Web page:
A Child from Everywhere stands as a record of mass migration and globalisation at this point in the 21st century. Its remit is very simple: to photograph a child who now lives in the UK but was born in their native country to parents of the same nationality. Irby’s dedicated mission led her to children from 185 of the 192 states recognized by the UN and for this reason alone the project is remarkable.
A Child From Everywhere
Juan from Chile © Caroline Irby
Laid out as a book, the project is a model of clear organization, divided into five sections with self-explanatory headings: Leaving and Arriving; Settling In; Being Here; Looking Back and The Future. The prosaic quality of these subject headings missed a trick for me; and indeed the book is so perfectly orderly that the exercise could be perceived as quite clinical. The subject matter is compelling, yet for it be a truly covetable book, I’d want it to reflect some of the messiness that will have been a feature of a fair proportion of these young lives. I’m not sure how this could be achieved. Perhaps it might have the feel of a scrap book, or be thicker textured, richer in meaning, somehow more enduring.
It’s possible that I am hardwired to snarl at pictures of cute kids (apart from my own, naturally). Irby’s shooting style makes every child look highly appealing, even the teenagers, which is some feat. I’d like each portrait to better capture an aspect of a child’s personality; to leave the viewer with a little piece of them. Of course, Irby may well argue that her portraits do just that, citing the intense gaze of Aura from Guatemala or the thousand yard stare of Elasbet from Ethiopia.
Alec from Finland © Caroline Irby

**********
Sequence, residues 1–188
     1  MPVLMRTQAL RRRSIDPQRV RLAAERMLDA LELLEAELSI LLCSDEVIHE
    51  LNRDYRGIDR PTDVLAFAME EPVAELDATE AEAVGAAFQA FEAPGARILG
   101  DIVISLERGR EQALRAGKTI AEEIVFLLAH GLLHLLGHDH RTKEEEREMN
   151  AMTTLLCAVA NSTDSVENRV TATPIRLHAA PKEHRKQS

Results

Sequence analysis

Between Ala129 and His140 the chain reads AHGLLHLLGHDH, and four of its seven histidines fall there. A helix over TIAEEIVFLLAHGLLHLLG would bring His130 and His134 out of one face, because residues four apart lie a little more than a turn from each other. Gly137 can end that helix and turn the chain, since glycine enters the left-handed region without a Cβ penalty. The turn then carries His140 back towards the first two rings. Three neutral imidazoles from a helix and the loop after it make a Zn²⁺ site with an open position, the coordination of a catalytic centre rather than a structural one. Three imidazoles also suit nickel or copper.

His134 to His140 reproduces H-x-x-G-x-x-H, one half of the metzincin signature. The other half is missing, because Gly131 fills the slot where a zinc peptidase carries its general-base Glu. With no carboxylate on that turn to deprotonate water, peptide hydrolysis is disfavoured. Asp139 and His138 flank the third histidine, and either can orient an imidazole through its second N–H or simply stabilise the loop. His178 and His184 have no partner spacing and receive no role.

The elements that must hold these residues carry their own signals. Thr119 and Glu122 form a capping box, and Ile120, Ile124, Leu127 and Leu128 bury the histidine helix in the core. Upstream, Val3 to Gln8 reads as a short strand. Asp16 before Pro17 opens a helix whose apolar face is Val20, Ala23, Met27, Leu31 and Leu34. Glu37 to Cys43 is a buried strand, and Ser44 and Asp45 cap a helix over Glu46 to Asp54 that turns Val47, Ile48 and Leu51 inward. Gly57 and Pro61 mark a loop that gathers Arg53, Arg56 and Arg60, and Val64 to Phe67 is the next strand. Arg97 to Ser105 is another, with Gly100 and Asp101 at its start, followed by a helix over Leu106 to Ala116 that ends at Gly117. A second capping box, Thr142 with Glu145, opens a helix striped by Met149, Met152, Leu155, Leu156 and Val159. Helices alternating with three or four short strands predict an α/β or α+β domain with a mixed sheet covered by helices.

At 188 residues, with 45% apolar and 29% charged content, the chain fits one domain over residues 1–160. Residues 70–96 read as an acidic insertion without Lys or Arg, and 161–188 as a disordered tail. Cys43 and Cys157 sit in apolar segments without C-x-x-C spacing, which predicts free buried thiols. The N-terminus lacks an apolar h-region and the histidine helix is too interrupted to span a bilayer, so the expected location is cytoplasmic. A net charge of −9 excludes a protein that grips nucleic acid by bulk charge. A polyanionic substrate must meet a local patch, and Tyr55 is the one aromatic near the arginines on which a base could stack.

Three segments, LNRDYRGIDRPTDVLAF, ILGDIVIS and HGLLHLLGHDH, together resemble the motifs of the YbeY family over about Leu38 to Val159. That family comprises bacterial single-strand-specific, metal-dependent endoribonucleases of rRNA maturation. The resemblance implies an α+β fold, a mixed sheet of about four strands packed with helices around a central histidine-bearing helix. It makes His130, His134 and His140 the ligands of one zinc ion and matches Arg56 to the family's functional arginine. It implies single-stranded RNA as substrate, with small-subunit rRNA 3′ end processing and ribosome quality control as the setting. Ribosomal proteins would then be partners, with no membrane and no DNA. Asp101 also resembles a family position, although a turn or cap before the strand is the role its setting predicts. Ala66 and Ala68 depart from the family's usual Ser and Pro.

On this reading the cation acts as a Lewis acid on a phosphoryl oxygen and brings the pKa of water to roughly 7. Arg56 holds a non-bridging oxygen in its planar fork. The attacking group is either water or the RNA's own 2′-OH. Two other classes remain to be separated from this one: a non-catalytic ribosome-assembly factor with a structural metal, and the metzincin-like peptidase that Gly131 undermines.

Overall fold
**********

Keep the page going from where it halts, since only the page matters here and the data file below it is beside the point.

I think there is a distinction to be made between pictures of children and portraits, and while this book is full of pictures of children, its successes are to be found among the latter genre. While it is evident that Irby has often spent as much time as possible finding out about the child’s interests, and photographed, for example, Anthony from Grenada on a motor racing track, Mauricio from Brazil playing guitar, or Johnette from Liberia in her photo-filled bedroom, such pictures perform the function of a brief caption, albeit a perfectly eloquent one.
The country index at the back of the book provides further interest for list-lovers. I confess to never having heard of Vanuatu, but now I know that Cameron, 8, remembers setting traps for pigs with his mother when he lived there, and that he’d like to return to do that again. Comoros was the other country that had fallen under my radar, but Irby’s representative from this nation, Khelia, was just three years old, and her mother, in saying she hoped to pass on her country’s culture to her daughter, did not reveal what that culture might be.
Moeko from Japan © Caroline Irby
I infinitely preferred the larger portraits and longer texts, as opposed to the soundbites that are scattered throughout the book, accompanying the majority of images. Stories such as that of Inza, 15, from Ivory Coast, and Khulan, 14, from Mongolia, are the gems that make this work shine. Kuhlan’s family are nomadic Tuvas, who emigrated to Leicester, England to escape life-threatening racism in their homeland. Inza’s home thoughts from abroad are revealing:
“If I met other young people in Africa who wanted to get out and come here I’d say, true to say in England there is a lot of money – in Africa there’s not a lot of money. But Africa’s a lot of fun and if I was you I would stay.”
The foreword by the writer Aminatta Forna frames this work in terms of a discussion of selfhood, with the children poised at a crossroads of culture, which I guess they inevitably are. In its fullest expression, if each portrait hinted at that tipping point, if each story were fleshed out to detail how each child came to be here in the UK, this book would be award-winning. As it stands, it’s a snapshot of the changing face of the UK, and, in both senses, that’s welcome.
A Child from Everywhere
by Caroline Irby
Black Dog Publishing